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How Ocean Power Works


Ocean Power Systems: Waves, Tides and Currents
Bay of Fundy in Novia Scotia
©iStockphoto.com/shaunl
The Bay of Fundy in Novia Scotia is home to a 20-megawatt tidal station.

Two of the most noticeable features of the ocean are waves and tides. Winds drive waves, which travel for long distances as a series of crests and troughs. Watch any object floating at the ocean surface as it encounters a wave, and you'll notice that it rises up with the crest and falls with the trough. It's possible to convert this oscillating motion into electricity in a number of ways. How Wave Energy Works covers these various systems in great detail.

The gravitational pull of the moon, not wind, is responsible for tides. All coastal areas experience two high and two low tides over a period of about 24 hours, but only about 40 sites are suitable for electricity generation. That's because the difference between high and low tides must be at least 16 feet (4.88 meters) to create enough water flow to make electricity efficiently. The Bay of Fundy is a classic example. This relatively narrow inlet features the highest tides in the world -- 50 feet (15.24 meters) -- and a short tidal cycle. In about six hours, 110 billion tons (100 billion metric tons) of seawater flows in and out of the bay [source: Bay of Fundy Tourism].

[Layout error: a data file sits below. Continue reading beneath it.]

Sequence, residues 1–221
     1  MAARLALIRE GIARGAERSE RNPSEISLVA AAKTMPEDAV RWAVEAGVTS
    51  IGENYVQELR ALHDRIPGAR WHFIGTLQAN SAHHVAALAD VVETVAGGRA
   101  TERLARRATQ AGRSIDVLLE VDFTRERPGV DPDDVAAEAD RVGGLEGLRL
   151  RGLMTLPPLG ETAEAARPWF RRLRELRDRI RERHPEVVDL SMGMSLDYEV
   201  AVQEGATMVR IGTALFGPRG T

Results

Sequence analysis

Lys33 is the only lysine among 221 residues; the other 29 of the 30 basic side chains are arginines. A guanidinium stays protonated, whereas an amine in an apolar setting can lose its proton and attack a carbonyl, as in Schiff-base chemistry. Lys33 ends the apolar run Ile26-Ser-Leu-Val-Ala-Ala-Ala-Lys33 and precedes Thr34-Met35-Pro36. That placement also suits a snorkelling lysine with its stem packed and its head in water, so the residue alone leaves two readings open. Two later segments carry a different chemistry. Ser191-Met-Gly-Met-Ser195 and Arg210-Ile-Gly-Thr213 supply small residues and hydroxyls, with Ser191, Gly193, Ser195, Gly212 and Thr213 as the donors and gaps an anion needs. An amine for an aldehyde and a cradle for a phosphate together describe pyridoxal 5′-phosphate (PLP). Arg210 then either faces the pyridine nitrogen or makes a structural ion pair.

One way to harness the kinetic energy of all that moving water involves building a dam, known as a barrage, on a smaller arm of the bay. Sluice gates along the barrage open when the tides produce an adequate difference in the level of the water on opposite sides of the dam. This allows water to flow across turbines that look just like those used in a traditional hydroelectric power plant. The turbines turn a generator, which produces electricity.

Another way to take advantage of ocean tides is to tap into tidal currents, which run close to the shore at water depths of about 65 to 100 feet (20 to 30 meters). To do this, power companies use turbines resembling those seen on terrestrial wind farms, except they are oriented so that the rotors are underwater. The rotors, each about 66 feet (20 meters) in diameter, are also spaced more closely than those on wind farms. As tidal currents surge past the turbines, the rotors spin, turning a generator.

These mechanical-energy systems are just one solution. Up next, we'll see how heat stored in the ocean can produce electricity.

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